Cataract removal is usually carried out as a day-case under a local anaesthetic. They are removed using a special ultrasound-cutting device that gently removes the cataract as soon as it is fragmented. This procedure does not normally require a general anaesthetic so most people are awake throughout surgery.

The procedure takes around 15 minutes to complete, and during this time you will feel cold water around your eye and see bright lights and colours, but no detail. If you think you will feel anxious about having surgery, we recommend asking for some sedation first.

This will make you feel relaxed and sleepy during treatment.
Cataract surgery is normally carried out on one eye at a time. Following treatment to the first eye, Laser Vision Scotland usually offers cataract surgery to the second eye one or two weeks later.


How safe is cataract removal?

All operations carry risks as well as benefits. Possible complications of cataract surgery are listed below – in rare cases these can lead to reduced vision or blindness.

  • Heavy bleeding inside your eye
  • Infection of the eye
  • Tearing of the supporting capsule behind the lens.
  • Lens dislocation
  • Posterior capsular opacification

Posterior capsular opacification happens when the supporting capsule behind the lens thickens, resulting in reduced vision. The condition develops in up to one in five people within five years of the operation. Simple laser treatment can be used to correct this.  The other complications can be treated with further surgery or antibiotics.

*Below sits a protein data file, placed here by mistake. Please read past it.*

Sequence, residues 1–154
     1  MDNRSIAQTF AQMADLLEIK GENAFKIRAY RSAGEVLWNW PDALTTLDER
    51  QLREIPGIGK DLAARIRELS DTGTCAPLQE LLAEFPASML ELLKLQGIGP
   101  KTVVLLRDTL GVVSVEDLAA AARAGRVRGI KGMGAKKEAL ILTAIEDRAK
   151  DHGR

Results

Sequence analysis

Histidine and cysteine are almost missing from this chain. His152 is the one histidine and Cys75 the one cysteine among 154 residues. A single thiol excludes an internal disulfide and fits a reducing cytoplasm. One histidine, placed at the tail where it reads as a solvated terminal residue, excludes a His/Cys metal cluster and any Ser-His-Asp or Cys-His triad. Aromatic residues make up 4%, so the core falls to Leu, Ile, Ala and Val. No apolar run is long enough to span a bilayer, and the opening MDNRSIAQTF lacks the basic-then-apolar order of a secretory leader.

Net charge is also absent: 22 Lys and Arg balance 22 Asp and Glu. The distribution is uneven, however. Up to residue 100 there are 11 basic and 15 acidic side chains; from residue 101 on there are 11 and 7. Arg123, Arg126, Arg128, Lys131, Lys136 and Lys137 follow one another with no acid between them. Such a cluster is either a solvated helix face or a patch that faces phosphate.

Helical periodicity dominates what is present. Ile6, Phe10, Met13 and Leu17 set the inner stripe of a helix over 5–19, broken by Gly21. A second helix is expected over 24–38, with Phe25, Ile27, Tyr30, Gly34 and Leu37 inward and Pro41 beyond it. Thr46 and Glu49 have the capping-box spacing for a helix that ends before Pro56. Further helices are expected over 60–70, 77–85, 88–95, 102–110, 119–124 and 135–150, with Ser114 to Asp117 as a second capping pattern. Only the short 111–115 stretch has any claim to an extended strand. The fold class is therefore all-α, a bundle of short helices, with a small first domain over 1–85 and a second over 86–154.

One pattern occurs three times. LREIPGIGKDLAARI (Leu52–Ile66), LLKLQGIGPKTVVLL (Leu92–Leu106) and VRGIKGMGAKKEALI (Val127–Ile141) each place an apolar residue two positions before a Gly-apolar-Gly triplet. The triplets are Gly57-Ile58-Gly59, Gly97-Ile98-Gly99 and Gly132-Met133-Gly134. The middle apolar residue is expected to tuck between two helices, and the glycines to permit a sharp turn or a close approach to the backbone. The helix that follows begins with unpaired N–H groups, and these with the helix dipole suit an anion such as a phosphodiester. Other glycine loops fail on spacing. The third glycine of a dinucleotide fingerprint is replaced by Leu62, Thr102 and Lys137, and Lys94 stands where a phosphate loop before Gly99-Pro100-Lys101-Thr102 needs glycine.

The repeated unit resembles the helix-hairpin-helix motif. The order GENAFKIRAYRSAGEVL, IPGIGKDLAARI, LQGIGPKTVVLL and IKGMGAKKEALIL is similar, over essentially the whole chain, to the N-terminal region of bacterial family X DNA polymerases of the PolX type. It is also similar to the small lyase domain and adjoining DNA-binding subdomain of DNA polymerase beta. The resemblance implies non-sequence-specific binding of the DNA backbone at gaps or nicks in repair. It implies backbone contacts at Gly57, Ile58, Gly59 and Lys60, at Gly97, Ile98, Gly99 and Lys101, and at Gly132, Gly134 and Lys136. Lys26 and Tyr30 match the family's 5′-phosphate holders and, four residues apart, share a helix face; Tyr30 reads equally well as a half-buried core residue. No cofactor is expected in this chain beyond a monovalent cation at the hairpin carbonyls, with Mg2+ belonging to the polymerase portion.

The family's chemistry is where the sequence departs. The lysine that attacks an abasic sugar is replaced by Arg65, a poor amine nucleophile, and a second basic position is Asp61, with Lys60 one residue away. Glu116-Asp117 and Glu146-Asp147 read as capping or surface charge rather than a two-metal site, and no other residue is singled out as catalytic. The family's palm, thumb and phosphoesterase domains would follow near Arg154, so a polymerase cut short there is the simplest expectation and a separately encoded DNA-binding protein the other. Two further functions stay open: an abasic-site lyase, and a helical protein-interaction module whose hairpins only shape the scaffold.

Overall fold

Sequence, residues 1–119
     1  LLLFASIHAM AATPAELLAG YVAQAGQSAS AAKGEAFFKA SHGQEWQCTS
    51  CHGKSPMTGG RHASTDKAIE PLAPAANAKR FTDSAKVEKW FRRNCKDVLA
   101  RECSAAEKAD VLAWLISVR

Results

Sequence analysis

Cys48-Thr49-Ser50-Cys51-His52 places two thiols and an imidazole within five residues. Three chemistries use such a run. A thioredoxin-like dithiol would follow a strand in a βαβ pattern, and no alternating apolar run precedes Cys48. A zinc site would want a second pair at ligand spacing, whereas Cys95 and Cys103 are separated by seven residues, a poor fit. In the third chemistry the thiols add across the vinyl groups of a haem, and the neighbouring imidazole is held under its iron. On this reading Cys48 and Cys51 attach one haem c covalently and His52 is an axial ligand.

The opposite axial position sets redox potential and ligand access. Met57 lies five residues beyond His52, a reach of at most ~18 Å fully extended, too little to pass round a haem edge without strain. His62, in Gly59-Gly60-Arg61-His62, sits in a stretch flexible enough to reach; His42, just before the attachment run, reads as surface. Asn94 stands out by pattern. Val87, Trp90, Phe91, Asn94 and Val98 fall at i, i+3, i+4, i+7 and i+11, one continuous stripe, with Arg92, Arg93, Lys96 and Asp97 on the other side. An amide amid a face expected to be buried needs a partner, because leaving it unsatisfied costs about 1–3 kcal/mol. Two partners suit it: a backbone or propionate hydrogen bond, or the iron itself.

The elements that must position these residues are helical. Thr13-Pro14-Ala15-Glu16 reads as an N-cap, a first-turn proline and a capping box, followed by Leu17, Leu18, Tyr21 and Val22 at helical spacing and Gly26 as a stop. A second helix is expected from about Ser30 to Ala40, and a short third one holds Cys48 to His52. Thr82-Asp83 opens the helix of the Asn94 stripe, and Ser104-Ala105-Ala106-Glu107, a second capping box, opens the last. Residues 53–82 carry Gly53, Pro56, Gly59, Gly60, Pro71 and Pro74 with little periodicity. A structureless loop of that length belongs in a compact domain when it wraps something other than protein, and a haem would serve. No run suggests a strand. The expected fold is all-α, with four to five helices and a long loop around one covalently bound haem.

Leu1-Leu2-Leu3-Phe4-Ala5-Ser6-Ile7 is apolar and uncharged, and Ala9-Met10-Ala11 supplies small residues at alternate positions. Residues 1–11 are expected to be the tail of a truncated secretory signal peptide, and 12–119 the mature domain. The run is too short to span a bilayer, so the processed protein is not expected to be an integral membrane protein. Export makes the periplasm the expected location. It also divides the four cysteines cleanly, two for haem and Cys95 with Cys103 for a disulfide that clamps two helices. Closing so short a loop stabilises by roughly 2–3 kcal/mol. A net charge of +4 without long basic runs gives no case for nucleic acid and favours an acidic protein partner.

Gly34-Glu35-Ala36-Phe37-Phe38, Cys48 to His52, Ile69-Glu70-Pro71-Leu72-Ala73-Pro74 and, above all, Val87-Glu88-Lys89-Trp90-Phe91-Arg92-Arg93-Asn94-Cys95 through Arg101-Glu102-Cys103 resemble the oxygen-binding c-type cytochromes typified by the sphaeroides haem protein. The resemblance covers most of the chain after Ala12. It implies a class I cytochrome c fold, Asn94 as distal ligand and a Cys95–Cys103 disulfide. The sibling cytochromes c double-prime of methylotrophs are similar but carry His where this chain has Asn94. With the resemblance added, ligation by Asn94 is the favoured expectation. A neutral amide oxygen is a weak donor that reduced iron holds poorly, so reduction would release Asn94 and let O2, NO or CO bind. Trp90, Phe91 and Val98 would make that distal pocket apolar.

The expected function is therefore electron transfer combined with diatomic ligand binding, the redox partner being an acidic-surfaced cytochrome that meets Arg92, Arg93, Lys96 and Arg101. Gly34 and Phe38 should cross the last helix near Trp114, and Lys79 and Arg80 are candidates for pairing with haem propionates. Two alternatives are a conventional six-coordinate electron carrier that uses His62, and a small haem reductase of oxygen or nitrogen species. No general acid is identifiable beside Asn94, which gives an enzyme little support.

The chance of complications depends on the exact type of operation you are having and other factors such as your general health. Your surgeon will explain in more detail how any risks apply to you.

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Patient journey

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When you arrive

Having your cataract removed involves a half-day in hospital. On arrival you will be offered either a private side room or a seating area in our day lounge. Drops are used to dilate the pupil of your eye, and your surgeon will visit you and ask you to sign some forms. During surgery your eye is numbed and you have to lie on a bed for 15 minutes, looking at a bright light. You will see colors and movement, but will not be aware of any details of the procedure. Please note – modern cataract surgery does not involve the use of needles!

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What happens after

Once the anaesthetic has taken effect, your surgeon will make a tiny cut on the surface of your eye. A special ultrasound probe is inserted through a 2-millimeter incision and used to gently break down and remove the cloudy lens, and then your new imkplant is introduced to the eye and carefully positioned. At the end of the procedure an antibiotic solution is infused into the eye to protect against infection. This usually takes 15 to 20 minutes.

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After care

After surgery, a clear plastic shield is taped over your eye for one day to protect it. You can see through this straight away, though vision tends to be blurred for the first couple of days. You will be given antibiotic drops to use for one week and steroid drops to use for 4 weeks.